4. Supportive Relationships: Having a strong support system and positive relationships can be crucial in the recovery process. Connecting with understanding individuals provides empathy and a sense of safety.


In order to win benefits for mental health, then you need treatment. There are many free and low cost treatment options in Utah.  The best thing you can do for your PTSD case is to seek ongoing treatment. Treatment includes medication, talk therapy, and the care of a doctor who is expert in PTSD. Ongoing treatment means you visit your counselor and doctor once a week or twice a month.

Nevada’s resources also include medical care, low cost mental health services, and low cost mental clinics. If you need a doctor or counselor and don’t have money, then there are resources for you. On our website we have a list of free and low cost mental health services in Nevada.

Additionally, on our website we have a list of free mental health services in Idaho and we also have a list of free and low cost mental health services in Colorado. Every state has some form of free and low cost services for those with PTSD. Call and ask if they will work with you so that you can get treatment.


If you don’t meet or equal listing 12.15, then you can still win benefits if your PTSD impairs your residual functional capacity (RFC). Your RFC is SSA’s finding of what you can physically do in a work setting, considering your symptoms.

Your RFC includes your physical limits. In terms of physical limits, the SSA tries to define your ability to sit, stand, walk, and lift, during the course of an 8 hour workday. Likewise, the SSA will include your ability to carry, pull, and push. It includes your ability to kneel, crouch, crawl, and go up and down stairs.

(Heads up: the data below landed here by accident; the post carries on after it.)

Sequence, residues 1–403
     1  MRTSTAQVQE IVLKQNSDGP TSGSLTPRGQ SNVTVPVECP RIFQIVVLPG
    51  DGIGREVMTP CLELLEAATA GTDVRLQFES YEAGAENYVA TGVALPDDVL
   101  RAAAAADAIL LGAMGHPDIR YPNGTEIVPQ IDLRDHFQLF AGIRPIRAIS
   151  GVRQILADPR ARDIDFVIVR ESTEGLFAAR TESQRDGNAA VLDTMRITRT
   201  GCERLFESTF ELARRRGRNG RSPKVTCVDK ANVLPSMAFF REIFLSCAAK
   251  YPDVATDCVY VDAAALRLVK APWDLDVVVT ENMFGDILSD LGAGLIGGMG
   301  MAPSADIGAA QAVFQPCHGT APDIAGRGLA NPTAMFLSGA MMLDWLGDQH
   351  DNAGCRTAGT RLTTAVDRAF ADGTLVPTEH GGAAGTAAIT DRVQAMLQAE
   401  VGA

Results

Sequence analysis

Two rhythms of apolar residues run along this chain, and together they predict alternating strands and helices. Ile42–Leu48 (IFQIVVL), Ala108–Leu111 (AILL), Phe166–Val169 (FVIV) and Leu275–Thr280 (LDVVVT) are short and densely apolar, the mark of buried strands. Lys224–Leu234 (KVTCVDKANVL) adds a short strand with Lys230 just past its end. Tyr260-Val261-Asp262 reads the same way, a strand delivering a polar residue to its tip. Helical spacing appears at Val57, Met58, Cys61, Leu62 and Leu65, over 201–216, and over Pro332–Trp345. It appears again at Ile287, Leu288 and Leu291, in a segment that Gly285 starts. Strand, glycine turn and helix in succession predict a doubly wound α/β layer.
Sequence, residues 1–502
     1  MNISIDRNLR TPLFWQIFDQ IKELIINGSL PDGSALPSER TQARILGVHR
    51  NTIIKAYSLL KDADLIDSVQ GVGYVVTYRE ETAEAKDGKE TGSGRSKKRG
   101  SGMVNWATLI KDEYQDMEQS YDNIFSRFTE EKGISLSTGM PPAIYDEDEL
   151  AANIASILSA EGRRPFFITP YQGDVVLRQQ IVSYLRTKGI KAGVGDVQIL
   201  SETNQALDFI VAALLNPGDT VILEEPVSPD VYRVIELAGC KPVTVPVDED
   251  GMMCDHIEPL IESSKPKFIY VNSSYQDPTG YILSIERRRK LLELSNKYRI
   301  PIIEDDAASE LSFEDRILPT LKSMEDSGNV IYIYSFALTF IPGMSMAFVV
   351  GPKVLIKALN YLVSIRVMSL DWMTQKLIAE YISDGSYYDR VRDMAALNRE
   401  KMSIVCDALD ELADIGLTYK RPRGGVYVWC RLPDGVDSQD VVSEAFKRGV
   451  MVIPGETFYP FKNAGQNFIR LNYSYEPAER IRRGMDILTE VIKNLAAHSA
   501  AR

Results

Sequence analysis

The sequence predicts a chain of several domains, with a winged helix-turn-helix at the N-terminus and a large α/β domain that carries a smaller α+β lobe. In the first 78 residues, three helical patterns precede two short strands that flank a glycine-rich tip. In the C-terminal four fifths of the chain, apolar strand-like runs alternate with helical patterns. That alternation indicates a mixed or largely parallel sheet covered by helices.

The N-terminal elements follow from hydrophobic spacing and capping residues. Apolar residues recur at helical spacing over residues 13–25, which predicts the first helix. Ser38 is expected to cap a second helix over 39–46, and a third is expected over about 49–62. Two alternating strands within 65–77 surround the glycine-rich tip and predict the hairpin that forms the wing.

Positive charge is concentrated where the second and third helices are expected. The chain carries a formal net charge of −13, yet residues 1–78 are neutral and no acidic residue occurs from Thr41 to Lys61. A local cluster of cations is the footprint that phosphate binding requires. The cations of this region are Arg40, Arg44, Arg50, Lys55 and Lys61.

Also, the SSA will consider your fatigue from doing activities. The SSA also includes your mental health in your RFC. Find out more about how the SSA defines work. A limited RFC proves you cannot work.

In order to figure out your physical RFC, the SSA will read your medical records. They will take into account what your doctor says about you mental and physical health in your medical records. Additionally, the SSA has their own doctors that can review your medical records.

These doctors work for DDS, the state agency who reviews all SSD cases. The SSA will take the medical opinion of these doctors into account too. Likewise, if they need more information, they may send you to a medical exam at their expense. Learn more here about what to expect at SSA’s doctor exam.


If you have Post Traumatic Stress Disorder, then you need help to apply for Social Security benefits. You can always call our law firm and we will help you. We can help you file your application. Also, we can help you appeal every SSA denial. For example, our attorneys and staff can:

If you file your application for benefits online at Social Security’s website, then you have 6 months to complete the application. Once you submit your application online, the SSA sends you an application summary in the mail. You must sign the summary and mail it back. If you don’t send it back, then they will not process your application. Sign it and send it back as soon as you can.


No. We are not expensive, because we only charge you an attorney fee if we win your case.

It also doesn’t cost you any money to hire us. Why? Because you only pay us an attorney fee if we win your case. This means if we win, then you pay us out of your back benefits. If you do not win, you do not pay an attorney fee. How much is the fee? It is 25% of your back benefit.

Also, there is a fee cap set at $7200 by the SSA. You never pay more than the fee cap at the hearing stage of your case. And, 25% of your back benefit is usually less than the $7200 cap. You will pay the lesser amount between the fee cap and 25% of your back benefit.